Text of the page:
Dear Pastor Paul,
My 17-year-old son told me that he is interested in Islam and thinking about converting. We came to the U.S. from Russia, and we do not practice any religion, except I visit our church, which is fifty miles away from our home, and my husband is Jewish. We have never thought of the possibility of our son being Islamic.

My son's best friend is Arabic and they are very close. I think they talk about it a lot.

I just don't know what to do with this. I don't have enough knowledge to talk to him about different religions. Can you give me any suggestions?

Dear Friend,
Your son was introduced to Islam the way that most people come to know a new religion--through a friend. The friendship undoubtedly offers support to your son in his adjustment to life in his new country. Likewise, Islam offers him the potential of a community, a belief system, and a way of fitting into American society which can sometimes be alienating to new immigrants. All of this is basically positive.

However, as with everything, you need to be involved in your son's life, actively cultivating his beliefs, and aware of the decisions he is making. Ask your son why he is attracted to Islam and what he understands to be the basic tenets of the religion. You should not be afraid to ask your son about the community where he is praying. You might even visit the mosque with him and speak to the leaders. You don't need to know that much about the Muslim religion to be able to sense if this particular religious community is a good place for your son to be.

Finally, both you and your husband should tell your son about your personal religious beliefs. You obviously have some investment in your church if you are willing to travel fifty miles to go to a service. And your husband is no doubt influenced by his Jewish heritage. Having an honest, heartfelt talk about all of your religious beliefs will help your family grow stronger whether or not your son decides to become a Muslim. In the end, being a part of a loving and supportive family will be the key to your son's success in America, no matter what religion he decides to practice.
--Pastor Paul

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  • Dear Pastor,
    I am a 13-year-old Hindu girl who is drawn to Christianity. I know that it is against Christian teachings to mix belief systems, but I still want to be able to appreciate Hinduism. I have been learning more about Hinduism and Indian culture so that I can connect with my parents spiritually, but I'm just naturally drawn to Christianity.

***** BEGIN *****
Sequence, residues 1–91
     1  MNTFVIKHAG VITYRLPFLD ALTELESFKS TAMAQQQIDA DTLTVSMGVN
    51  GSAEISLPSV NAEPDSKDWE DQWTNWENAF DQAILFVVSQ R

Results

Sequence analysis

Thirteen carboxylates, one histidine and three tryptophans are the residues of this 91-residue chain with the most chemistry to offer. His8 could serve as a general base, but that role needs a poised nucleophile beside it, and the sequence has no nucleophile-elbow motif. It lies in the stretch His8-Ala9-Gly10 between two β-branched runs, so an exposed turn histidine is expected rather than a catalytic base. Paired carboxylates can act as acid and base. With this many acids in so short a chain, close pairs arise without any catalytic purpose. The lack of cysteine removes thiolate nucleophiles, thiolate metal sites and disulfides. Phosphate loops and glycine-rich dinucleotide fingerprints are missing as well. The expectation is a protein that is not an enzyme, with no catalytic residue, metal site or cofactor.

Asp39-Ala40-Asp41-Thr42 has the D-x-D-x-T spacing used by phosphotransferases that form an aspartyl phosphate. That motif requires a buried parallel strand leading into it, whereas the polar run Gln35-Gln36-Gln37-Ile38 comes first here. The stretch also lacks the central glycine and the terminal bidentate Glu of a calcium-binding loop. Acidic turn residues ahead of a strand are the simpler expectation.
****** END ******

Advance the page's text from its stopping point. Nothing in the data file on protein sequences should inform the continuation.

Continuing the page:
I would really like to attend an Episcopal church where I live, but I'm not sure if it's OK to practice meditation and yoga while being a Christian. I also have the dilemma of how to tell my parents about this. I have not done anything yet, but I hope you can help me.

    Dear Friend,
    Most Episcopalians appreciate the value of the other world religions and cultures. My guess is that your local Episcopalian church would welcome you and respect your desire to maintain your yoga practice and Hindu identity while attending Christian worship, especially as you are just visiting.

    If you are simultaneously active in your investigation of Hindu culture and spirituality, my hope is that your parents would be accepting of your religious exploration. You certainly should tell them. You might describe your desire to worship as a Christian as part of an honored Bhakti yoga practice of finding union with God through Jesus Christ. Most Hindus are quite open to the variety of ways one can practice their religion. If your parents object, then I suggest you wait until you are 18 or living out of the house before you begin attending a church regularly. Respect for parents is very important in Christianity and you don't want to start out on the wrong foot. Personally, I find joy in the knowledge that you are being so intentional and respectful in your approach to yoga, or union with God. Keep it up.

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